Internet Advertising Revenues Surpass $4 Billion for Q3

IAB Press Release – Internet Advertising Revenues Surpass $4 Billion for Q3

Yee-haw. Check out the chart.

“The Interactive Advertising Bureau (IAB) and PricewaterhouseCoopers LLP today announced that Internet advertising revenues reached an estimated new record of $4.2 billion for the third quarter of 2006. The 2006 third quarter revenues represent a 33 percent increase over $3.1 billion in Q3 2005 and a 2 percent increase over the Q2 2006 total of nearly $4.1 billion.”

Calacanis says the best is yet to be:

“How far will this trend line go? Think 20 more years of similar growth.

Will it get steeper? Absolutely.

Why? Video and audio advertising hasn’t even started to move to the Internet in a major way.

The first 10 years of this industry have been amazing, but the next 20 are going to be insane.”

Kind of cool for me to look at the start of the chart and realize I was collecting ad dollars at Forbes in ’95 before anyone seemed to be counting. Rode the pony right to the dot.bomb peak in Q2’02, came back in Q2’05 and now am on the spend side. This is not going to slow down — I’m with Jason, just watch, it gets really interesting in the next 12 months. Makes me want to be back on the media side … wait, someone punch me.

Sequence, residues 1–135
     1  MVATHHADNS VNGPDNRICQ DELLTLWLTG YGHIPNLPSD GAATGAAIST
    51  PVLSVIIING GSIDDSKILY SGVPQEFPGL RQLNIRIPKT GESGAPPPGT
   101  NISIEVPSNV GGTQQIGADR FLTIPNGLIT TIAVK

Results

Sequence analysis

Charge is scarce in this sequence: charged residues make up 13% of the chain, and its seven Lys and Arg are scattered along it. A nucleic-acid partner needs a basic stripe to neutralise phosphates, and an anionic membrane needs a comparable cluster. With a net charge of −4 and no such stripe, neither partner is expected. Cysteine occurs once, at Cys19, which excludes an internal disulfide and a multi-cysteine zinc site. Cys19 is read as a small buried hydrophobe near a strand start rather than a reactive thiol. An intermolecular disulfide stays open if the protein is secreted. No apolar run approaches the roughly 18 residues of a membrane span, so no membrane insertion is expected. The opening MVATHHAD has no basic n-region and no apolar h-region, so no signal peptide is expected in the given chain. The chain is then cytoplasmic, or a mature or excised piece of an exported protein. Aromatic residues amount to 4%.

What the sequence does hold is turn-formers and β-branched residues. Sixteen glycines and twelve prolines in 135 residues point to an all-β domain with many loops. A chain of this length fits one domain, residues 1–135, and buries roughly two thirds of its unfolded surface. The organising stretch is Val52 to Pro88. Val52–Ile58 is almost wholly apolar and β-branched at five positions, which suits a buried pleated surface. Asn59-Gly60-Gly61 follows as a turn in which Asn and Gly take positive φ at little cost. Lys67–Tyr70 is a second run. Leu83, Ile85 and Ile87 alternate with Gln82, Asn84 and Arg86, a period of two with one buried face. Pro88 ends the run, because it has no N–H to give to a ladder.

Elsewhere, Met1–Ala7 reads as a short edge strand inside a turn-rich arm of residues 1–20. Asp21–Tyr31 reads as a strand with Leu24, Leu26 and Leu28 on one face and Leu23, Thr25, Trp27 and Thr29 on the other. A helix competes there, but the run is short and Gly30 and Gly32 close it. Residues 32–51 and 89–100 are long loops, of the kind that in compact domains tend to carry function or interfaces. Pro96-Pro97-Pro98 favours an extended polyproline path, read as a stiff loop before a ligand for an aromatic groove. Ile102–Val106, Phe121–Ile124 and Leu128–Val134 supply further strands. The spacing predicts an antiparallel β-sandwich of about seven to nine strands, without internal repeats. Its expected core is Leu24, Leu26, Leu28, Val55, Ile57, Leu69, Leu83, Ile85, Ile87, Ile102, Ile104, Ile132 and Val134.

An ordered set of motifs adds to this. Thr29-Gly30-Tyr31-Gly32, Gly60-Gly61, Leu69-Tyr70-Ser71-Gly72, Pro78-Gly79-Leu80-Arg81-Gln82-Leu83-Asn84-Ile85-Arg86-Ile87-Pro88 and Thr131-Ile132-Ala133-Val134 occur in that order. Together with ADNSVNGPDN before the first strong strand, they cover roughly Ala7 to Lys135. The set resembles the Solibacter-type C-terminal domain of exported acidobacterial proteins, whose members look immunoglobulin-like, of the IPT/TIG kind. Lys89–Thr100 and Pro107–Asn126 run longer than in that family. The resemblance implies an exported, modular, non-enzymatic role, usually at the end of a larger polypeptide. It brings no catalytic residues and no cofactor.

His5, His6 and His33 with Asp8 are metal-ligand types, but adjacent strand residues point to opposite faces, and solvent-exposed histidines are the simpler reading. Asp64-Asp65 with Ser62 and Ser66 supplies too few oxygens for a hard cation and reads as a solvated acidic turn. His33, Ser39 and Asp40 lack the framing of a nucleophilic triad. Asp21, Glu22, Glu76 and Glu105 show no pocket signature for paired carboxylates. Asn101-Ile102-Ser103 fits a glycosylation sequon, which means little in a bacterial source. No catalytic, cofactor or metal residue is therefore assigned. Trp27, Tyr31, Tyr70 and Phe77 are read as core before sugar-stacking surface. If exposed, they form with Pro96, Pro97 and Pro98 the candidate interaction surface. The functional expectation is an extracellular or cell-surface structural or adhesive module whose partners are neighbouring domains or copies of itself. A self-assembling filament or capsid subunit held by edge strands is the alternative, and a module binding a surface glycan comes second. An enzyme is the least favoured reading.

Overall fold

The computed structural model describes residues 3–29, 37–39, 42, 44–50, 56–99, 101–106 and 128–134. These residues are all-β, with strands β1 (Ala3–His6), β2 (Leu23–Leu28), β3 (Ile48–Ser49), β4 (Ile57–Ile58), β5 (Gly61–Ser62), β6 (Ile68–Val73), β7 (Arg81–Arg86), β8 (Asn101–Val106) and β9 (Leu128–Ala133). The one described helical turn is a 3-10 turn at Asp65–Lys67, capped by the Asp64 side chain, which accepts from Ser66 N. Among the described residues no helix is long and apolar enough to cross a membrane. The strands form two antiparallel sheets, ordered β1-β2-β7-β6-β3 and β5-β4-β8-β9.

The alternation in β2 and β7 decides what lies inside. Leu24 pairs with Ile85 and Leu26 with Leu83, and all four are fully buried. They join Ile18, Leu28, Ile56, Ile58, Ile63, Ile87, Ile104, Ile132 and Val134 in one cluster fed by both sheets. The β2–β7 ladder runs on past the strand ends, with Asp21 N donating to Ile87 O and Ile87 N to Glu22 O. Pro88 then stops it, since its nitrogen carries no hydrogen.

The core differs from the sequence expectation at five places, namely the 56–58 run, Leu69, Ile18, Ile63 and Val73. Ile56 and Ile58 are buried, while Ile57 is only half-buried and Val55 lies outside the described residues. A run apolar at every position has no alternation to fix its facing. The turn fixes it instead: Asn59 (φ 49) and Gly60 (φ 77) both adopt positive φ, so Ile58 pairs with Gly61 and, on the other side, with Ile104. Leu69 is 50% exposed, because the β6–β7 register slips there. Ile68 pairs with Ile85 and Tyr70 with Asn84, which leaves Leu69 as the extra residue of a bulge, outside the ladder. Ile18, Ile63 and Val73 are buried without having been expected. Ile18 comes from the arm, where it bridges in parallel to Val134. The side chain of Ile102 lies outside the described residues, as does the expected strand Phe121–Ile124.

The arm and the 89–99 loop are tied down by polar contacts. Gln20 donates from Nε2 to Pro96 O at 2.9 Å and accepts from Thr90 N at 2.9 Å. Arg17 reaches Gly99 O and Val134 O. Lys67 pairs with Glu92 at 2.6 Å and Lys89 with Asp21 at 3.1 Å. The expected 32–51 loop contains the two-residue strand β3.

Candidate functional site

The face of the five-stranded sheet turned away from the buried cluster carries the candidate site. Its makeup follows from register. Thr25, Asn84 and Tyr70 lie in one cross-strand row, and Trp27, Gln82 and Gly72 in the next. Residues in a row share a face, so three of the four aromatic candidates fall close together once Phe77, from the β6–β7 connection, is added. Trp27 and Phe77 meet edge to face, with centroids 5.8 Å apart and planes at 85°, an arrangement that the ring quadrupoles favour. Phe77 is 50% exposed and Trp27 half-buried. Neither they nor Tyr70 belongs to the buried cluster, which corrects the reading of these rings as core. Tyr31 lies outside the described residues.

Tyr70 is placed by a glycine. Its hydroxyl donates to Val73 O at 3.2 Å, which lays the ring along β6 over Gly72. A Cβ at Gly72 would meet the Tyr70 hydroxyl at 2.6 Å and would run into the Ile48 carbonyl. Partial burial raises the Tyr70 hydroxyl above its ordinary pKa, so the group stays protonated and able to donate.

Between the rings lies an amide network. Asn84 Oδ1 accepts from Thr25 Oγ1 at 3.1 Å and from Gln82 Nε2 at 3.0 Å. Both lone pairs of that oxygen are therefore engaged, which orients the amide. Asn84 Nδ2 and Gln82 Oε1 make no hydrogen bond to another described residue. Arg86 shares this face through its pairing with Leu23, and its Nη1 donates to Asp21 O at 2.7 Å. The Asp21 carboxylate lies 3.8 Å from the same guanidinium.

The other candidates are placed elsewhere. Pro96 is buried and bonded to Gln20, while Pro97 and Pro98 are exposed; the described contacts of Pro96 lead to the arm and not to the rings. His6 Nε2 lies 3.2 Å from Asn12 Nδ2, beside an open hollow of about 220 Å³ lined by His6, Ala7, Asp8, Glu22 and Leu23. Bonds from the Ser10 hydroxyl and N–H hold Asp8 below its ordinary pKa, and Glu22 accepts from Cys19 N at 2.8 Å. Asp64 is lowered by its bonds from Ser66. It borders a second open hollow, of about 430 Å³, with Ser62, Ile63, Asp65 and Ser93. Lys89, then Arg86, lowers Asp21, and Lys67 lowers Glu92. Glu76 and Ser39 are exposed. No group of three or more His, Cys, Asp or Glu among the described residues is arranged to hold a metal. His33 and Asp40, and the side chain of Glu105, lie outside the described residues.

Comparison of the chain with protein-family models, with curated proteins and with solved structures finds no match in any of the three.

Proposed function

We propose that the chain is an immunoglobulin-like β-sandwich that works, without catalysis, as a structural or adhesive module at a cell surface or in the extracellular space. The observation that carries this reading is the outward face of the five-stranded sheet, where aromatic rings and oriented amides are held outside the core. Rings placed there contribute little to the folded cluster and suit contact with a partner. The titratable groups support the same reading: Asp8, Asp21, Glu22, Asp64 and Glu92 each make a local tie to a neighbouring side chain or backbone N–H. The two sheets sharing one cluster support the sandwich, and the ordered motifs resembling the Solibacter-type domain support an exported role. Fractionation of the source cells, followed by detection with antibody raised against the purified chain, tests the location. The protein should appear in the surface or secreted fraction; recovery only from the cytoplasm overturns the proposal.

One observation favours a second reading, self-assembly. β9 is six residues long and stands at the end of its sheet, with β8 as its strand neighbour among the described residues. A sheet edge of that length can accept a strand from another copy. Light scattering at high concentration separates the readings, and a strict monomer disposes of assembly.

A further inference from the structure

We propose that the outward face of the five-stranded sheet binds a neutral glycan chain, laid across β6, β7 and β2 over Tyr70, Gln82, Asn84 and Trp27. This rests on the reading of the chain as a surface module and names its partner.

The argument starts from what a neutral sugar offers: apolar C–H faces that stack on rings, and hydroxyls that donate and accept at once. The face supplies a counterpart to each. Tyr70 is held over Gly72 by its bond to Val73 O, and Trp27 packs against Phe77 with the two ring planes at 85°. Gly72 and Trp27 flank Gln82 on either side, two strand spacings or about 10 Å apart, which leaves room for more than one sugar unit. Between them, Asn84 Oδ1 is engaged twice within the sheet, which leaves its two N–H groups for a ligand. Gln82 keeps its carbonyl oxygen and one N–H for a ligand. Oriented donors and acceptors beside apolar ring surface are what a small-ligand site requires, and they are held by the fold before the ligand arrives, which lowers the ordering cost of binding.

Om demurs:

“He is right because as online video becomes more popular, the advertising dollars are going to shift to this nascent medium. Those dollars will qualify as Internet advertising, of course. He is wrong, because he is conveniently overlooking the fact that the sequential growth in advertising was essentially flat7. “Online advertising will be a useful marketing tool, but no trend goes in a straight line for twenty years,” writes Carl Howe, in his excellent analysis.

Calacanis overlooks the fact that a disproportionate portion of the online advertising dollars is flying into the pockets of a handful of companies. A back of the envelope calculation shows that in the third quarter Yahoo and Google accounted for $2 billion (give or take a few million dollars) in total dollars spent on online advertising in the third quarter 2006. (This is after traffic acquisition costs, and factoring in their international contribution to their total revenues.)”